The Champions

The Champions, a film by Darcy Dennett

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This film strips away stereotypes and breaks down barriers. This film makes you feel something. I am finding it hard to put in to words how incredible it was to follow along as we watch 5 of over the 50 pit bulls that were at one time part of Michael Vick’s dog-fighting ring, come to life. We also get to see another pit bull rescue, Slater, remain in a loving and healthy environment despite his battle with breed discrimination.

As much as I want to stand on my soap box and preach about how terrible it is what Michael Vick has done and how I don’t feel he could ever possibly redeem himself, I want to focus on the hope that these dogs and their caregivers share throughout the course of the film. A hope, that in this crazy world, we could all use a little bit more of.

Filmmaker Dennett and her team told not only an amazing story about these heroic dogs and the unconditional love they were given by rescue organizations across the country as well as individuals who fostered and ultimately adopted them, but she captivated me with beautiful cinematography and meaningful and poetic score. The film was visually stimulating as well as a wonderful web of stories.

I would recommend this film to anyone who not only loves animals, but loves a story about an underdog, no pun intended. These dogs, against all odds were brought back to life. They were given a second chance. I think this film has the power to change the way the world sees pit bulls. The Champions is a story of resilience; Cherry, Slater, Little Red, Handsome Dan, Mel, and Johnny, overcome what could have been the end and found peace, love, life, and happiness.

 

 

 

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The Barkley Marathons: The Race That Eats Its Young

The Barkley Marathons: The Race That Eats Its Young, a film by Annika Iltis & Timothy James Kane 

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I hadn’t heard of this film until it popped up on my Netflix queue and I am so glad that it did. The filmmakers take us back to the epic journey of those racing in the 2012 Barkley Marathons.

Up until this point, there had only been 10 finishers of the 100 mile race since it’s conception in 1986. Gary Cantrell, former ultra-marathon runner and creator of the Barkley Marathons, has been driven by challenges his entire life. With his love of chasing the limit and an inspiration from James Early Ray’s prison escape into the woods of what is now part of the race route, the birth of the Barkley Marathons began.

With Gary’s help and all those participating in the 2012 race, we are able to join in the hellish, but heroic journey of 35 runners over the course of 60 hours.

Although I’ve only become a runner in the last few years and have fallen in love with the sport, I couldn’t imagine attempting something as profound as the Barkley Marathons. Watching the runners as they proceed on the course and hearing their thoughts along the way was very inspirational. Gary says, “…people that go through this, they are better for it. They’re not made of better stuff than other people, but they’re better for what they have asked of themselves.”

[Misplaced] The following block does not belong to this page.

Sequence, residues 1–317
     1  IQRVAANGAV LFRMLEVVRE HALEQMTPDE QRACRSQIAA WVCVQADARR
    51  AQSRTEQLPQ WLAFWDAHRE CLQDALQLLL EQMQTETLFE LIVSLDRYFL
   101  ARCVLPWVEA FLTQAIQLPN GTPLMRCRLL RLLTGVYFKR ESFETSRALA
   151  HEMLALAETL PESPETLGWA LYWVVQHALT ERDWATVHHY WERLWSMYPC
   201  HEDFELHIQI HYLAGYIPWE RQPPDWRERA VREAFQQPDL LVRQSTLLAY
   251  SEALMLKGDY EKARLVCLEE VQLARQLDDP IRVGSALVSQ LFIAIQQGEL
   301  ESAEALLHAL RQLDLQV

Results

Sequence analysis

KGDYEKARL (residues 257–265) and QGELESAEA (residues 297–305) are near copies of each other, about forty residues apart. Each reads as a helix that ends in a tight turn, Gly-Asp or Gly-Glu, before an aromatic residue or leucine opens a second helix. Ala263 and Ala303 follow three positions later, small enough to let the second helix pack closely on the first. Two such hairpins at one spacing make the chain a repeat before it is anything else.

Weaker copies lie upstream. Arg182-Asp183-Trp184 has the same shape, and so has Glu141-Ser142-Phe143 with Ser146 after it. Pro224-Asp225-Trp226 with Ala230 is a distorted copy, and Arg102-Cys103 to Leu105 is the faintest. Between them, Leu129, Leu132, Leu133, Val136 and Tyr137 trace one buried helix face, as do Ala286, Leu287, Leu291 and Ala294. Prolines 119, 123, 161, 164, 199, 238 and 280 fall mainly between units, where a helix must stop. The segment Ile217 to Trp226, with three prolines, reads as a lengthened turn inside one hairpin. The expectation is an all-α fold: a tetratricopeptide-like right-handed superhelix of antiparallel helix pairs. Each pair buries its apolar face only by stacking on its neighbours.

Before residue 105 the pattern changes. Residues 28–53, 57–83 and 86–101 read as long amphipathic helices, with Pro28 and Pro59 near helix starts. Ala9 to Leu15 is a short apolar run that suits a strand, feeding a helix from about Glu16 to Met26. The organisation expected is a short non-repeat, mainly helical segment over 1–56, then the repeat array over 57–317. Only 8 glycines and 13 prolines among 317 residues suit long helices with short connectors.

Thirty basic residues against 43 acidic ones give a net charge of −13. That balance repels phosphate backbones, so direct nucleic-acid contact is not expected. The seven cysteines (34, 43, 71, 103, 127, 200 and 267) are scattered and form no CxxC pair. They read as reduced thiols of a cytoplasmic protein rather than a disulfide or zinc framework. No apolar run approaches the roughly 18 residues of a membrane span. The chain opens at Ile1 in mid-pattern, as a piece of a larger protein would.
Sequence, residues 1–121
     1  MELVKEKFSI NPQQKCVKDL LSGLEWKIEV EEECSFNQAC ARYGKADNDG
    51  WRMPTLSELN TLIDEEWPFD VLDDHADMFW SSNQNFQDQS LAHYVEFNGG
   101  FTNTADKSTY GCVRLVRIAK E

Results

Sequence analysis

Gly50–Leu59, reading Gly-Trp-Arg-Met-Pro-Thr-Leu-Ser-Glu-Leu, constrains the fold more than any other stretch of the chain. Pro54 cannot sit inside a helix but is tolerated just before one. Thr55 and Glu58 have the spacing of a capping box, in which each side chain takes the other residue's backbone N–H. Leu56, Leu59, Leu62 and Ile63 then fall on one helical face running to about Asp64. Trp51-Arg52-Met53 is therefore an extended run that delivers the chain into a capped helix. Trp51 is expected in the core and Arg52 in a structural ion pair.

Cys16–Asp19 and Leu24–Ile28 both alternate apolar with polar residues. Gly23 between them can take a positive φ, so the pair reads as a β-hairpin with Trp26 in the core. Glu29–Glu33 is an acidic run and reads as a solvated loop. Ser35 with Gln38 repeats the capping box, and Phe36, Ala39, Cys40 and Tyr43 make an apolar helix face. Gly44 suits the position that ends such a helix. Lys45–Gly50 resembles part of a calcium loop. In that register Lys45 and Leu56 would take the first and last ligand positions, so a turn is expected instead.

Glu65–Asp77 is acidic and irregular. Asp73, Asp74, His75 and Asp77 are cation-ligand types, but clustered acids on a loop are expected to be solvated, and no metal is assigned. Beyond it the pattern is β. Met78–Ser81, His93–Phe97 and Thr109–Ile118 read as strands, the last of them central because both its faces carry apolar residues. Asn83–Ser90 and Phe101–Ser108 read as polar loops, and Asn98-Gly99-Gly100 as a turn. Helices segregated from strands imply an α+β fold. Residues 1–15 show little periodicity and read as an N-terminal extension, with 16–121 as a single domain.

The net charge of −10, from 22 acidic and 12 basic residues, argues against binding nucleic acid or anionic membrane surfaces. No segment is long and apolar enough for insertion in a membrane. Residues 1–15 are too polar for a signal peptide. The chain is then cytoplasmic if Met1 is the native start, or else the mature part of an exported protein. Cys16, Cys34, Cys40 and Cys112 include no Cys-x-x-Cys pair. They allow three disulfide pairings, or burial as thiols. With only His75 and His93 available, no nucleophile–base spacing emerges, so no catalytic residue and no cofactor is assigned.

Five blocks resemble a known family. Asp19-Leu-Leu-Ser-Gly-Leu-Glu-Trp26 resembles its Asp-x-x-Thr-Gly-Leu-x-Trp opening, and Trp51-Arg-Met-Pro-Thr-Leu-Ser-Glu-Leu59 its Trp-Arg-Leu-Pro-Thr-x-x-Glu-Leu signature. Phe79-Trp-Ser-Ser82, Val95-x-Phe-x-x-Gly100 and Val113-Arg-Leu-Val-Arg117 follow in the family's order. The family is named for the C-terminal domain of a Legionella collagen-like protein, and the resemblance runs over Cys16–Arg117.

This is film that motivates, encourages, and awakens the desire to challenge ourselves to be our best person.

 

 

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Cartel Land

Cartel Land, a film by Matthew Heineman

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I apologize for my 9 month nap. I am back and just in time for the Oscars!

There was no better way to break out of hybernation than watching Cartel Land. Not since Restrepo, had I seen a filmmaker physically risk his life to capture such sordid stories as those of the anti-cartel vigilante group Autodefensas and those behind one of many meth-cooking operations deep in the Mexican jungle.

As in all great documentaries, a filmmaker sets out on a journey to tell one story, and along the way finds many twists and turns and curves that lead them on a path to a much different, and in this case, all-important story.

Heineman followed not only the Autodefensas and their leader at the time, but he gained the trust of Tim ‘Nailer’ Foley, leader of the Arizona Boarder Recon, and was able to follow Tim and his men while they patrolled the US – Mexico Boarder in Southern Arizona.

Throughout the film, you can feel the passion Heineman felt for the stories unfolding all around him. He put himself in a position to film in real time, to capture things as they were happening. Whether that was a man being interrogated at gunpoint, or a takedown by Foley and his men, what Heineman and his small crew did was brave. He put himself in complete danger to allow us to see first hand how cartel violence is affecting everyday people. He captured men and woman rising up to fight back and the potential outcome that may lead to.

When asked about the film, Heineman said, “I thought it was this very simple story of good versus evil, guys in white shirts versus guys in black shirts. Then over time, those lines between good and evil became ever more blurry.” His love of storytelling and his desire to tell this story from the inside rather than the outside may just be the best documentary of 2015.

“You can’t stop the cartel, no matter what you do…it’s a never ending story.”

– annoymous meth cook & member of the Policia Estatal Fuerza Rural

 

 

 

 

 

 

 

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Mile, Mile & A Half

Mile, Mile & A Half, a film by Jason Fitzpatrick and Ric Serena

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I have always had a love for the outdoors, but my affection for all things wild has grown exponentially over the last few years. Summiting Mount Whitney last fall was a life changing experience for me. I felt connected to nature and myself and those I was with, in a way I never had before. After having just a taste of the John Muir Trail, I was so excited when this film came across my radar.

Mile, Mile & A Half is a “collective journal” come to life. This film documents the experiences of what started as a group of five friends, that by the end had over doubled. Along the way, they met artists, musicians, and others just out for an adventure. Each individual adding to the overall experience.